As ATMs proliferated during the 1980s and 1990s, bank tellers simply shifted their focus toward customer service. The teller job evolved into a higher-skilled position, which may have resulted in rising wages. More tellers with college degrees were hired. (Of course, tellers are not immune to the move to online banking and digital innovation, and their numbers are now declining.)
AI poses a much greater threat to the millions of low-income workers tasked with routine, predictable, and repetitive work. Office clerks, cashiers, retail sales workers, administrative assistants, waiters, fast-food cooks, and assembly workers will all be at risk.
That’s not to say all low-skilled work will go away. As the world’s population ages in the coming decades, job opportunities in the health care sector, such as home health aides and nursing assistants, are expected to rise considerably, offsetting some of the lower-skilled job losses.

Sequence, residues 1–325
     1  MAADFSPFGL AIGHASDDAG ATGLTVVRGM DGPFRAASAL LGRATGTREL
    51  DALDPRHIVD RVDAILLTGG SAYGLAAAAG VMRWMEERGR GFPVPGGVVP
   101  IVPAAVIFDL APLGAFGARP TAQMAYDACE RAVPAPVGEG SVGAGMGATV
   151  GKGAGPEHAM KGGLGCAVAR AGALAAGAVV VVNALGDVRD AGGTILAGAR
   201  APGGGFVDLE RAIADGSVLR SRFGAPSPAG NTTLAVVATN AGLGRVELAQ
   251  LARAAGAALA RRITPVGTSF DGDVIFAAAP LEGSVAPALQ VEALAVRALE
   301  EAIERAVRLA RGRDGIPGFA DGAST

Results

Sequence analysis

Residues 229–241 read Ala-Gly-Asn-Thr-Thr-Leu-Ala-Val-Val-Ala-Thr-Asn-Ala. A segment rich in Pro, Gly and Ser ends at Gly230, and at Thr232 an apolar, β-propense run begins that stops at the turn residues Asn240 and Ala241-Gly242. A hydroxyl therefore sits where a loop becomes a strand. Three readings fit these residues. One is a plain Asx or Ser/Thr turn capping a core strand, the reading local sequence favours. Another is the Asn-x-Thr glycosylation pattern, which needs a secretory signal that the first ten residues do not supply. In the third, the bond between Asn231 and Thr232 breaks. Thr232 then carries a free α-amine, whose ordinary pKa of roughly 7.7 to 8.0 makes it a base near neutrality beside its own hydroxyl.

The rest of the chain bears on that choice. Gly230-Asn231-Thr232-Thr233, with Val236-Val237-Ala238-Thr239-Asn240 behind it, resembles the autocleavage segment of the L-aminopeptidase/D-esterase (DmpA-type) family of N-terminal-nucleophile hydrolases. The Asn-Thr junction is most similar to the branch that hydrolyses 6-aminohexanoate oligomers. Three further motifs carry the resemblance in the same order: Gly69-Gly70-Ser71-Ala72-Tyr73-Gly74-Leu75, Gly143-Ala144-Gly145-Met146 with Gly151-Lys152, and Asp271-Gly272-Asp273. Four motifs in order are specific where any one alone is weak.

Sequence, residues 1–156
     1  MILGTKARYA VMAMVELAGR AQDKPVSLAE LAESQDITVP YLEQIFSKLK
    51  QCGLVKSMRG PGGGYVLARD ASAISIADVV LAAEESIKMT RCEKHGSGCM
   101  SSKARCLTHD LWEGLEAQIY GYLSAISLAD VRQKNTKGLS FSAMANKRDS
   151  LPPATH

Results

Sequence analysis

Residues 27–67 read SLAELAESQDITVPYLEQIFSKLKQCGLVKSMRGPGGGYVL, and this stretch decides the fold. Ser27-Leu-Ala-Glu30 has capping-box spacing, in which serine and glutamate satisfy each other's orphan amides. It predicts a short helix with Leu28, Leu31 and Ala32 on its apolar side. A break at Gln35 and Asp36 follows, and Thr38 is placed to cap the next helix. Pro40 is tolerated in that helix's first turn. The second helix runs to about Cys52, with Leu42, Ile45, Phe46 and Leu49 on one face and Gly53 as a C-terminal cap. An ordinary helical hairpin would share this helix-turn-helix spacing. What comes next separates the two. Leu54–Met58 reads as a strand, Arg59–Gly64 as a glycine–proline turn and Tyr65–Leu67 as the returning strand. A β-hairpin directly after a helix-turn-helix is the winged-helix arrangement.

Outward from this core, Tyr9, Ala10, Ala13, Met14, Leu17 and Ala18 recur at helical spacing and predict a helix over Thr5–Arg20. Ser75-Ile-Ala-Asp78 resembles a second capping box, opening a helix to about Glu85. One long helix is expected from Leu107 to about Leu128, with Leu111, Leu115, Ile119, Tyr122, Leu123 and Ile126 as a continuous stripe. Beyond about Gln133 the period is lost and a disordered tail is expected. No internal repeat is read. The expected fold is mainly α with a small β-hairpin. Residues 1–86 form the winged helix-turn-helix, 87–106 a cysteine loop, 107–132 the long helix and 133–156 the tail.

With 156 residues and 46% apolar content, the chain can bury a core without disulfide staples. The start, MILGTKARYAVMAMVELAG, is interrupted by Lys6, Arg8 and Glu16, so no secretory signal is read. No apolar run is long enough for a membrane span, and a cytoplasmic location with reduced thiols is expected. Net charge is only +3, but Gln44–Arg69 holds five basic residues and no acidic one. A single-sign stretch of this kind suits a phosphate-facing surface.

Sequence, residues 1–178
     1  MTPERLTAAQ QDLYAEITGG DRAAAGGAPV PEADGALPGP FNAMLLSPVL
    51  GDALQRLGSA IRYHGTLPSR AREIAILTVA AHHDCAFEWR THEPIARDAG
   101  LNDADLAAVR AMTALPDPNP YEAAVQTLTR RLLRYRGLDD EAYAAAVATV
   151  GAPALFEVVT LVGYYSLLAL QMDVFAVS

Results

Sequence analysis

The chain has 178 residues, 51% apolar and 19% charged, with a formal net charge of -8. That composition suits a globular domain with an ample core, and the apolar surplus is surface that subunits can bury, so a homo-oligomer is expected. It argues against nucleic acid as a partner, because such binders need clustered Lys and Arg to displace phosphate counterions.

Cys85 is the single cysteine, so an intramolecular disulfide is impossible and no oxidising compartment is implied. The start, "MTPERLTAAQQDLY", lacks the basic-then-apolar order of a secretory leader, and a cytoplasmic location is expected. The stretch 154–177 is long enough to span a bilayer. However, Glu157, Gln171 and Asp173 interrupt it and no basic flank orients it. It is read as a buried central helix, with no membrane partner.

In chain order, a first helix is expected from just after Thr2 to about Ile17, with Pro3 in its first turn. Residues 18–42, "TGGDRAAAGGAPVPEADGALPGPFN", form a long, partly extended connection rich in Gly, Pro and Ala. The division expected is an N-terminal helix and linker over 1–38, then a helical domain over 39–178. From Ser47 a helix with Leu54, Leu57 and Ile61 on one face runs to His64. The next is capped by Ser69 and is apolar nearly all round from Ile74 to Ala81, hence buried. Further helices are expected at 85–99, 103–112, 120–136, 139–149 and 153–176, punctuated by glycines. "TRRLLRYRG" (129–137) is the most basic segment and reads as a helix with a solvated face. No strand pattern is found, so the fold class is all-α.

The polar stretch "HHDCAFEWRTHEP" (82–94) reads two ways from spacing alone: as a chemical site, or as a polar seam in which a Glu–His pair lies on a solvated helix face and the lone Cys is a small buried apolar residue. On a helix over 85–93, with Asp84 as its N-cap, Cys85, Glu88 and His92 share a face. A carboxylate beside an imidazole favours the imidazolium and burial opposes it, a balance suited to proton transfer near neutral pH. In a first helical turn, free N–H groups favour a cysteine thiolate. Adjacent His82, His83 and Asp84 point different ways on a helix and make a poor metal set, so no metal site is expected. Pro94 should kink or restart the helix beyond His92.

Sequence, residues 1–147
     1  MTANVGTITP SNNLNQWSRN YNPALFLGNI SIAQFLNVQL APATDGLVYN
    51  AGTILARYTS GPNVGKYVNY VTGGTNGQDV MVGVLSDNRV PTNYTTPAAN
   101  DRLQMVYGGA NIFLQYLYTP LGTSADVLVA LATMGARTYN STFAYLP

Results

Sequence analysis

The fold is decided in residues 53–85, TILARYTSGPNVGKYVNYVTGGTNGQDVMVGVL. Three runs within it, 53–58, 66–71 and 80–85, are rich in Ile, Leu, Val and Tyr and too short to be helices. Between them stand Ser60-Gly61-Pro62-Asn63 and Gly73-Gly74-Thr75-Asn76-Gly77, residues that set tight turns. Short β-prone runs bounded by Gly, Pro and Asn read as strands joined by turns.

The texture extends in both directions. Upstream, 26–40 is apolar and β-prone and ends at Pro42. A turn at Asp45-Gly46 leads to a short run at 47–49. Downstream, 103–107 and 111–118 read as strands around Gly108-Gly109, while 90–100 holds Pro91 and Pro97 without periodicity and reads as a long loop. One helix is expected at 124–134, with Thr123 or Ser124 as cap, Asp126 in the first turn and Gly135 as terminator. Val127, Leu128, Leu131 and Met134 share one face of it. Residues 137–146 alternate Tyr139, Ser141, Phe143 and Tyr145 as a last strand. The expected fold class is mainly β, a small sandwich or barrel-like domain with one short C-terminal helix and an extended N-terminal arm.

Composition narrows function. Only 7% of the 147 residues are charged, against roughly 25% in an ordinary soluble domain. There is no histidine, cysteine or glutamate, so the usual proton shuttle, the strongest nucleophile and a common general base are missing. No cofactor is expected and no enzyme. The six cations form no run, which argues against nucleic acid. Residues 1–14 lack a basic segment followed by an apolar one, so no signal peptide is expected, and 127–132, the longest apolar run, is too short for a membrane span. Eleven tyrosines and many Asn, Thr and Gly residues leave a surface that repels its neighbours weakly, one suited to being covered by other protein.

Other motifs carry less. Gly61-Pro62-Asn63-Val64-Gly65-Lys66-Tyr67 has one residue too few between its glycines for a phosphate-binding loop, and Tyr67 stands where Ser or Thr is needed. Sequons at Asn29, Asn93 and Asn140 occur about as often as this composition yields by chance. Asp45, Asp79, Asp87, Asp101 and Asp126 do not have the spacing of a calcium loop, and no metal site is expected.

For now, computers simply cannot perform the core, human-oriented tasks of clergy and hospice workers. Nor, for that matter, can they undertake the complex problem-solving done by CEOs, civil engineers, and public defenders.
Far more people will find their jobs changed rather than lost because of automation
McKinsey estimates that between 75 million and 375 million people globally will need to switch occupations by 2030. A far greater number will need to develop new skills in order to adapt. More than a third of the tasks performed in over half of current jobs could be automated with today’s technology, which means most workers will need to adjust soon either by learning to work with robots and technology or retraining for new jobs.